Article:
HE HAS MADE ME GLAD: Enjoying God's Goodness With Reckless Abandon
This book is a sheer delight --- a whimsical look at the Christian life that lives up to the appointed title: HE HAS MADE ME GLAD ("he" being God).
At the beginning of an introductory chapter titled "We Are Far Too Easily Pleased," author Ben Patterson quotes C. S. Lewis: "We are half-hearted creatures, fooling about with drink and sex and ambition when infinite joy is offered us." Then comes Patterson's first paragraph: "A poll conducted by the George Barna organization a few years ago discovered that the number one desire of most Americans was to be thinner. Number two was to be richer."
That opening sets up Patterson's engaging style --- providing meaty content, including biblical exposition, literary quotes, and historical insight, in an anecdotal context. He sets up a thirst for joy and then walks you through the satisfaction of responding to God in a way that engenders joy.
HE HAS MADE ME GLAD would be appropriate to give to a non-Christian who is curious about the Christian faith. In early chapters Patterson lays out the basics of the gospel message. What's so amazing about grace? He clearly answers the question and, further, explains that if we really understand it, our response is one of gratitude. He quotes theologian Karl Barth: "Gratitude follows grace like thunder lightning."
But the book also has much to offer a seasoned Christian, especially in an early chapter titled "Joy Busters," gently reminding us that past disappointments, myopia, and fear of losing control can block the joy God wants to give us. And also in the six chapters describing "habits of joy" --- these habits being compared to "the ways we spread our sails" to catch the "wind" of the Holy Spirit, who gives us the "gift" of joy. The habits? Gratitude in all things. Awareness of God's presence and love. Participation in a church community. Sabbath rest. Conversation that builds up rather than tears down. Generosity.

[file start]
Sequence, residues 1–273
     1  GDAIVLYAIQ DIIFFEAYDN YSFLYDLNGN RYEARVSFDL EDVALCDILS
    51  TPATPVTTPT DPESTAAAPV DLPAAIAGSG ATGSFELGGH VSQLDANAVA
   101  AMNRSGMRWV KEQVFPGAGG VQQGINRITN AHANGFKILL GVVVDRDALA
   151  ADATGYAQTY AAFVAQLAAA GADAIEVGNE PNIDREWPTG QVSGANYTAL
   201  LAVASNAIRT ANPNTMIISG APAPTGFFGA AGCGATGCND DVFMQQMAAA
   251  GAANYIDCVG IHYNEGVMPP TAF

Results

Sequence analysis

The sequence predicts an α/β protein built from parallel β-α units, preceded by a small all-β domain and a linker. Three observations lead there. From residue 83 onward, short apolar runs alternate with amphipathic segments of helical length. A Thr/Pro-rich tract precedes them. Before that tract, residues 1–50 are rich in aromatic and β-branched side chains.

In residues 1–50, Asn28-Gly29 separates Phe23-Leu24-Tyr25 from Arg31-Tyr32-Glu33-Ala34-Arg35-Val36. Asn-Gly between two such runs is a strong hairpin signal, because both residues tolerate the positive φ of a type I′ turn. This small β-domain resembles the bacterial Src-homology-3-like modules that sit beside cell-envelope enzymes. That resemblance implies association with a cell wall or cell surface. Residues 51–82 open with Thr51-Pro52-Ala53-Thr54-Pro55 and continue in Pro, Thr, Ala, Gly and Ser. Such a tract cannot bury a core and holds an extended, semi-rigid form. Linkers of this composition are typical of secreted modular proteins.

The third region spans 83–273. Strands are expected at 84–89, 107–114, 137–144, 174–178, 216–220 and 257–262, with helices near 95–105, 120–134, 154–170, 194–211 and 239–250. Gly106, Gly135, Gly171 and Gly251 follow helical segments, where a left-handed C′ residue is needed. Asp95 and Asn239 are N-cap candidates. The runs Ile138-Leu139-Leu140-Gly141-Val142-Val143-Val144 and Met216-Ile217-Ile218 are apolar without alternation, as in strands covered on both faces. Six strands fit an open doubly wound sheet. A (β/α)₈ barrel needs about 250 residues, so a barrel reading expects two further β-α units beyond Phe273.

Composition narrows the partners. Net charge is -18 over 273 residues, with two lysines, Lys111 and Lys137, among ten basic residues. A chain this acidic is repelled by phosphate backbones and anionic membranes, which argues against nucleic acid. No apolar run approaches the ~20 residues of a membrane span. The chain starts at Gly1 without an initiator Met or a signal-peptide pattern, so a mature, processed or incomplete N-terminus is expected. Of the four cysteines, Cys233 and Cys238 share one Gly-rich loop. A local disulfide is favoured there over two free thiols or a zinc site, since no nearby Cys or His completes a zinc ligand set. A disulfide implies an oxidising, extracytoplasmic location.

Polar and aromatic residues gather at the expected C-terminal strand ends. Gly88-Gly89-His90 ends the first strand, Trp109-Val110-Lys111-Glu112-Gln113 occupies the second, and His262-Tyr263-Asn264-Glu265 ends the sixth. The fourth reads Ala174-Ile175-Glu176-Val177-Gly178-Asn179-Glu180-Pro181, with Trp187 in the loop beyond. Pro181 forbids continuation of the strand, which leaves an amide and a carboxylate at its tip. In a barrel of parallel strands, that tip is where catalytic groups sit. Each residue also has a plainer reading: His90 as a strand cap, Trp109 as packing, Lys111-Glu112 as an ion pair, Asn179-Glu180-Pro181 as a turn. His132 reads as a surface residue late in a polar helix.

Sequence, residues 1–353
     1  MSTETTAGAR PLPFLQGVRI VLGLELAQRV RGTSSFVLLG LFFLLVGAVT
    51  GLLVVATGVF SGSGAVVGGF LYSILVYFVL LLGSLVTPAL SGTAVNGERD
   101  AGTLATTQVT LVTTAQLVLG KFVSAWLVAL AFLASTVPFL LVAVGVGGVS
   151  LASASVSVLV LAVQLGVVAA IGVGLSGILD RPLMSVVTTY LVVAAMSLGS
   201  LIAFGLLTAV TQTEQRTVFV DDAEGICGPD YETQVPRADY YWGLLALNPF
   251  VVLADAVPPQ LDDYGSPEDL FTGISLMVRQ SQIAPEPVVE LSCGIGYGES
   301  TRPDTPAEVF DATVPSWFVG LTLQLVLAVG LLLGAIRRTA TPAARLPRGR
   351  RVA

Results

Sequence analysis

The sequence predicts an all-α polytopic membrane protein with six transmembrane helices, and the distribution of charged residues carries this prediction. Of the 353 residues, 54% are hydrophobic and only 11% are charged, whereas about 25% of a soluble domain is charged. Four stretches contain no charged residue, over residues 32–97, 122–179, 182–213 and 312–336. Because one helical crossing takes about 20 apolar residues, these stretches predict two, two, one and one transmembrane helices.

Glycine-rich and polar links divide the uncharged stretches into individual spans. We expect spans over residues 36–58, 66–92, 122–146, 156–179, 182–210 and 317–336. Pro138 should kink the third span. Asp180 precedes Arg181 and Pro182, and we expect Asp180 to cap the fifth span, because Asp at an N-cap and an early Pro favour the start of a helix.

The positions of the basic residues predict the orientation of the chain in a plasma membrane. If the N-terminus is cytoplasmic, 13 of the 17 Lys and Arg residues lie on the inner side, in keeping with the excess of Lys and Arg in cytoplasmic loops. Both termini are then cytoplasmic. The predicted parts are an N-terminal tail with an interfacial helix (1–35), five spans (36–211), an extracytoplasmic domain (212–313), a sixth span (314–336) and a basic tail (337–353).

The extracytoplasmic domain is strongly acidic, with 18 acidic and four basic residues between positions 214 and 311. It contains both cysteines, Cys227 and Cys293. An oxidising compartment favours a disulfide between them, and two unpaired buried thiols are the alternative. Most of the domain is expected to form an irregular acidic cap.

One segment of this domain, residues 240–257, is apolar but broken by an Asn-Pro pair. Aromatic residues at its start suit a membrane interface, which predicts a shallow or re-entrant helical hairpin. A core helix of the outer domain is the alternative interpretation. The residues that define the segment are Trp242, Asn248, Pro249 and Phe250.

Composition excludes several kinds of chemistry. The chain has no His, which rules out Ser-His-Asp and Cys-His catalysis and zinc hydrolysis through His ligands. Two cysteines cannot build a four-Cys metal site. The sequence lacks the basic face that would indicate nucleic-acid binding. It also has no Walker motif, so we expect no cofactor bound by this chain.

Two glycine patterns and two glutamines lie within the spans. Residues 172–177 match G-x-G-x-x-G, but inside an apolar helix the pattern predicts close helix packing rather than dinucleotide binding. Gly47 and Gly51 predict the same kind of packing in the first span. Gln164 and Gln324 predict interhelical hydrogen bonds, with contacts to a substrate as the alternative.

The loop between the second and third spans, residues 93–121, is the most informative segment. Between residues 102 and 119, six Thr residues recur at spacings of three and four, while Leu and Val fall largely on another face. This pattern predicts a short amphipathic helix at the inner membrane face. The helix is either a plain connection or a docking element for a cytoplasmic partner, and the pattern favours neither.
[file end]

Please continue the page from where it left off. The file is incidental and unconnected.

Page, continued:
In terms of personal anecdote, Patterson, a former pastor and now college chaplain (and a husband and father of four grown children), admits to rare moments of dancing for joy around the living room. "Sometimes joy sweeps me off my feet, but more often," he continues, "it courts me and asks for a decision" --- a choice to raise one of the habitual sails.
The book is a bit repetitious --- Pascal's ecstatic conversion account being quoted twice, for example, and the last chapter being a partial reprise of the first --- but one hardly notices. I, for one, was turning pages and turning to prayer, allowing my spirit to reach toward heaven.
And now I turn to my bookcase: For probably 10 years Patterson's early book, WAITING: FINDING HOPE WHEN GOD SEEMS SILENT, has been nestled, unread, on a crowded shelf in my living room. Maybe it's time I picked it up.
--- Reviewed by Evelyn Bence
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